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  Litigation against 4-Way Ranch district
  By Lindsey Harrison

   On April 11, Brian Matise, an attorney with Burg Simpson Eldredge Hersh & Jardine, P.C., filed a complaint on behalf of 30 residents of 4-Way Ranch Metropolitan District 1 against the district itself, the five board members and 4-Way Ranch Joint Venture LLC. The board members include Peter Martz, Robert Elliott, Deborah Elliott, W. Tracy Lee and Linda Johnson-Conne.
   
   Matise said the complaint is basically a legal proceeding that challenges the actions taken by the 4-Way board at their March 14 meeting, when they voted on the following: to exclude an undeveloped portion of the 4-Way Ranch property, commonly known as Waterbury, from District 1; and then include that same property as part of 4-Way Ranch Metropolitan District 2; along with conveying the services provided by District 1 to District 2.
   
   As of the March 14 meeting, the board for District 1 is also the board for District 2.
   
   District 2 was created in 2005 but did not include the 321 acres known as Waterbury at the time, Matise said. Currently, the proposed exclusion of Waterbury from District 1 means that any development and associated revenue like tap fees or operation and maintenance taxes will not go to District 1, he said.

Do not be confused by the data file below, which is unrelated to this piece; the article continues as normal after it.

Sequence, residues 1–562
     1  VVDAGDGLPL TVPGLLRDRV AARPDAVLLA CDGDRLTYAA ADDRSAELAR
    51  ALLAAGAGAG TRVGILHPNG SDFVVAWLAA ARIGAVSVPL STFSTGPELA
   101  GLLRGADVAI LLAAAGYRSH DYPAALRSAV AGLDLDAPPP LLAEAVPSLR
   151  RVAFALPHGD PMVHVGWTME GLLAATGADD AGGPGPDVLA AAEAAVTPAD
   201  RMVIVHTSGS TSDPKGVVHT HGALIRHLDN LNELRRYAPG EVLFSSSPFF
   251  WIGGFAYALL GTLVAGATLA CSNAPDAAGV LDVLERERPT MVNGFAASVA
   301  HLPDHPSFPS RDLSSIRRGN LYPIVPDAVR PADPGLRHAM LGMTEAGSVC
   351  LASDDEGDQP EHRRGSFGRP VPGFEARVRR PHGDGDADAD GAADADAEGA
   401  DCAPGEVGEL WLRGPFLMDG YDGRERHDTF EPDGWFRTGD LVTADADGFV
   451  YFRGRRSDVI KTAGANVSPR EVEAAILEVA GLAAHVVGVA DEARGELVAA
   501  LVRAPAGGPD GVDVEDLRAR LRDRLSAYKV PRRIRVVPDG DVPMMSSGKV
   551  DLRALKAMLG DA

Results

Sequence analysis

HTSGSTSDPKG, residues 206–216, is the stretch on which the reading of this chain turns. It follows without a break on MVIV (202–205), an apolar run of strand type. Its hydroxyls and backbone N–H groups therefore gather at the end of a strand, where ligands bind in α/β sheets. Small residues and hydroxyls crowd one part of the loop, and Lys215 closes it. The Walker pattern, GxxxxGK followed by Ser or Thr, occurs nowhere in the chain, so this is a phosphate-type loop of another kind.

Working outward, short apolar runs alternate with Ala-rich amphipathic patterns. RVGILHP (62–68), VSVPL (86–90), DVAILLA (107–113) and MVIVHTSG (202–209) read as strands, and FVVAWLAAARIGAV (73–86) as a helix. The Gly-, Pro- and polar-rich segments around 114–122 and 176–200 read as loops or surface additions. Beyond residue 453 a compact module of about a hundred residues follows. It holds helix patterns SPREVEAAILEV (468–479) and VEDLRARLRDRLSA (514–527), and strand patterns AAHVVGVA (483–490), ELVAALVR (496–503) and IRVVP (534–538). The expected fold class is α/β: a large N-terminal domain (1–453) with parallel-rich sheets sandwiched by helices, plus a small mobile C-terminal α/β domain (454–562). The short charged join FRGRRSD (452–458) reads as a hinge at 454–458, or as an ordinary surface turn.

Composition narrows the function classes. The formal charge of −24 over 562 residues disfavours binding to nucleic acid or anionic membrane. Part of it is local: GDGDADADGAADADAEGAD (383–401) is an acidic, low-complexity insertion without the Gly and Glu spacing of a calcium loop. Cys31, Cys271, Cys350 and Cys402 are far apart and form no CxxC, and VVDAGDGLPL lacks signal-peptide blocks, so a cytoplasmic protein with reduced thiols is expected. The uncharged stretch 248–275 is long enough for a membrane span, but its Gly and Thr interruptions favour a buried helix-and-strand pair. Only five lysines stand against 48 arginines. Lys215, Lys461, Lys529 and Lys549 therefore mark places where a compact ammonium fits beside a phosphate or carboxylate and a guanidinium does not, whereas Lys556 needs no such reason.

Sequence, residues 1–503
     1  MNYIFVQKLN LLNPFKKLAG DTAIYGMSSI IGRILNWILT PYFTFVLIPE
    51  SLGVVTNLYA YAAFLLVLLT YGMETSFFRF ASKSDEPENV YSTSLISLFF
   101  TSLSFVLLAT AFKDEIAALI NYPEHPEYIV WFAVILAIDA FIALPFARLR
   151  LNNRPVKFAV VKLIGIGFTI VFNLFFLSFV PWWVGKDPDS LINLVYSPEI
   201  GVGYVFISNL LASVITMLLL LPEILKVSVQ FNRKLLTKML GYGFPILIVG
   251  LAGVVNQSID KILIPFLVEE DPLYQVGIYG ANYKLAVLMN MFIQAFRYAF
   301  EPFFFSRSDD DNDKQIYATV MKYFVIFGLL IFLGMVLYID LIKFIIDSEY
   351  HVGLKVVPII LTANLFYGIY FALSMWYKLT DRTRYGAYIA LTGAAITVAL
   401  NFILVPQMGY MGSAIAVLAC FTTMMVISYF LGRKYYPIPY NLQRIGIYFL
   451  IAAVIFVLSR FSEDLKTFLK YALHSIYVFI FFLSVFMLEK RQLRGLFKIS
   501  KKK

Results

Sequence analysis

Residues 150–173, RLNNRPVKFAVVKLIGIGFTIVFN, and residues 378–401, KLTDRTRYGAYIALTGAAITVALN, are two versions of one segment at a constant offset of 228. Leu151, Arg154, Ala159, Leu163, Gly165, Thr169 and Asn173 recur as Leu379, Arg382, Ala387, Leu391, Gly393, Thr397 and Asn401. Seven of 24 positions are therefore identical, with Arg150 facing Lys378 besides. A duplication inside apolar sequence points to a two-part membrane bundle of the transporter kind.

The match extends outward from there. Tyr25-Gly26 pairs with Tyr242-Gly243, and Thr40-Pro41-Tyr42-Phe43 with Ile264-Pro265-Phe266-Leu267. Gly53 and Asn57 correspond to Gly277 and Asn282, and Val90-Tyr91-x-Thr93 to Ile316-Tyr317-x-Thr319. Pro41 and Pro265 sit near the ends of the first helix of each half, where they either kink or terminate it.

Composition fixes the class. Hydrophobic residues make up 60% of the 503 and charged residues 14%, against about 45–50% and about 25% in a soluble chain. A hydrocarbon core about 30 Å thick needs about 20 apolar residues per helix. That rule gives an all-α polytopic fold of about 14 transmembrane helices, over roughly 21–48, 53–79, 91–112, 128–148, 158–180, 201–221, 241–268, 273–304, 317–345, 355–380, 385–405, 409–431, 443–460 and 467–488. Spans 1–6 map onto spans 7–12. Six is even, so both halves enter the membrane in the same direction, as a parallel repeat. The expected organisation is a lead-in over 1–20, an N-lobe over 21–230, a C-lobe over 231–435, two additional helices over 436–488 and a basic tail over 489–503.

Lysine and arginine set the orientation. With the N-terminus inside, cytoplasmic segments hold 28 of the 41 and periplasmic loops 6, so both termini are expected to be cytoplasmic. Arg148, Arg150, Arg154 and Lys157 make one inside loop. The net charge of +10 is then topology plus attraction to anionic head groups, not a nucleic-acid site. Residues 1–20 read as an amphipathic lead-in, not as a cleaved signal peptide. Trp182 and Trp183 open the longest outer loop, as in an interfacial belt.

“The developers of this area, including all of the board members, have various and complicated dealings with each other so when this property (Waterbury) was transferred to the other district (District 2), it gave the board the ability to control everything, and (it) also prevents District 1 from being able to financially survive,” Matise said.
   
   The complaint asserts that both the exclusion and the transfer of services constitutes a material change to the 4-Way Ranch financial plan, which is also part of the service plan — and any material changes to the service plan must be approved by the El Paso County Board of County Commissioners, Matise said.
   
   Colin Mielke, attorney with Seter & Wander Wall, P.C., represents 4-Way Ranch Metro District 1 and the individual defendants in the complaint. He said he filed a motion April 23 to dismiss the complaint. Because the litigation is ongoing, Mielke said he was not able to further comment at this time.
   
   “We just want to restore the status quo before this board decision,” Matise said. “We want to restore District 1 to the condition it was in and contemplated under the service plan.”
  
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  Big O Tires gearing up for construction
  By Lindsey Harrison

   Although construction on the Big O Tires facility in Falcon, Colorado, is still a couple months away, Dustin Roberts, owner and operator, said preliminary work to get the property secured and the building designed is well underway.